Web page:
Growing up I was a very active kid, I got involved in all the sports, netball, volleyball, water polo, hockey, and dance, to name a few. With the loss of my vision that was taken away from me, I no longer was able to play those sports or see the choreographer in dance training. Then it came to the age where I was faced with “you won’t be able to drive.” My friends were getting their driver’s licenses; they were independent and could go off when they pleased. They could get around and did not have to rely on anyone else. These days were dark for me, it just didn’t seem fair as I could not be independent and have the freedom that comes with it.

My parents are continuously working to find the best tools possible for me to live life as a normal teenager. They are always researching Stargardt’s Disease and keeping up to date with everything and anything that could benefit my condition and my life. My Dad came across a video on “” of a guy who was visually impaired that was granted his license with a special pair of glasses, he was also from New Zealand and we immediately got in touch with him. He explained how he got the glasses and who to contact.

Finding Hope and Learning I Could Drive!

My Dad got in touch with Peter Neuhauser and Anna Megaffin from the Hamilton Branch Bell Neuhauser & (Matthews) Optometrist. Peter sounded so hopeful and it was really promising. Although I did not want to get my hopes up too high.

We went to Hamilton and they ran a few tests. We were then given the best news of our lives – with these glasses (Ocutech VES-Sport II) I could obtain my driver’s license!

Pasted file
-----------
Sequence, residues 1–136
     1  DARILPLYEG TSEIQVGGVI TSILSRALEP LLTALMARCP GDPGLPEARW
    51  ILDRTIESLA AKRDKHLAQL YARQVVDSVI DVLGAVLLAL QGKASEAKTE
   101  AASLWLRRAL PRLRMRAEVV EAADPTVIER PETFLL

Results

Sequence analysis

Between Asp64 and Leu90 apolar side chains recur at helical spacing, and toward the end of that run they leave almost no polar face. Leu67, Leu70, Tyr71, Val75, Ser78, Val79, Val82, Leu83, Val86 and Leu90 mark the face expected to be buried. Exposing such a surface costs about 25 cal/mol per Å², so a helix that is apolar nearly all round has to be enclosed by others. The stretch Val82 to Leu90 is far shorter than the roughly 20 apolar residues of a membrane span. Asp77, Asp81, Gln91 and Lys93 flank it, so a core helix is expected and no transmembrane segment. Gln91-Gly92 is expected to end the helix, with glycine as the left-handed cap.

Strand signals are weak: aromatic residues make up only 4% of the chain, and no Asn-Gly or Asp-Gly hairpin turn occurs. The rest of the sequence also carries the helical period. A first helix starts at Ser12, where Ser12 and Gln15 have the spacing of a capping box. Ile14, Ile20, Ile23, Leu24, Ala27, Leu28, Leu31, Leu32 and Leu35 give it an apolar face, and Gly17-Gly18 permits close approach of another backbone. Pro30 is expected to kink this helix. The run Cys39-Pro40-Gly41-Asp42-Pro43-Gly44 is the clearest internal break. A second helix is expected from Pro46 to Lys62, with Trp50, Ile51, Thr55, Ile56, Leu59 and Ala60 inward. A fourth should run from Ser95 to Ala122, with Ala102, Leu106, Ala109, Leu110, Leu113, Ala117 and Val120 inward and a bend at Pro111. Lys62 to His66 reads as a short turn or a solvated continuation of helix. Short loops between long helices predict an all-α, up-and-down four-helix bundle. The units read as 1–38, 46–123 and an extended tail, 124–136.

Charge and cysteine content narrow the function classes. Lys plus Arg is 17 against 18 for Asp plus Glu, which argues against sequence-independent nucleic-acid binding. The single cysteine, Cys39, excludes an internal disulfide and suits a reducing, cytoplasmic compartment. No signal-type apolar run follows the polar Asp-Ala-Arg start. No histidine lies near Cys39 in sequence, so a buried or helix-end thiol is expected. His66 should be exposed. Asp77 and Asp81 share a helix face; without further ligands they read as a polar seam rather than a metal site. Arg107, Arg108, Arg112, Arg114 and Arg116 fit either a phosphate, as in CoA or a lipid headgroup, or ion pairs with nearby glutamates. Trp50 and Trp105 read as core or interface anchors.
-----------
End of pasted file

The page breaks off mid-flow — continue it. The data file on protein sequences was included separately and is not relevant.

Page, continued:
How to deal with puberty as a blind or visually impaired teenThe Ocutech VES Sport-II

The glasses are ordered from America, so I started to study the road code like crazy and after a few months of waiting, the glasses arrived and the very next day, I took my learner’s license test in 13 minutes and got 35/35 correct. I now have my very own licence.

It really was the best day and feeling ever!

The past 4 years have been the longest and hardest years of my life, but after meeting Peter, Anna, and the team, my life has completely changed in the best way ever and my dreams have come true!

I am so grateful for all they have done and my Ocutech Bioptics!

If you’re short-sighted, distant objects look blurry.

Short-sightedness typically starts during puberty. It tends to get worse as children move into the teenage years and young adulthood.

Short-sightedness can run in families.

Short-sightedness is also called myopia and near-sightedness.

Causes of short-sightedness or myopia

Short-sightedness happens because light entering the eye focuses in front of the retina instead of on the retina. This is usually because the eyeball is longer than usual.

Symptoms of short-sightedness or myopia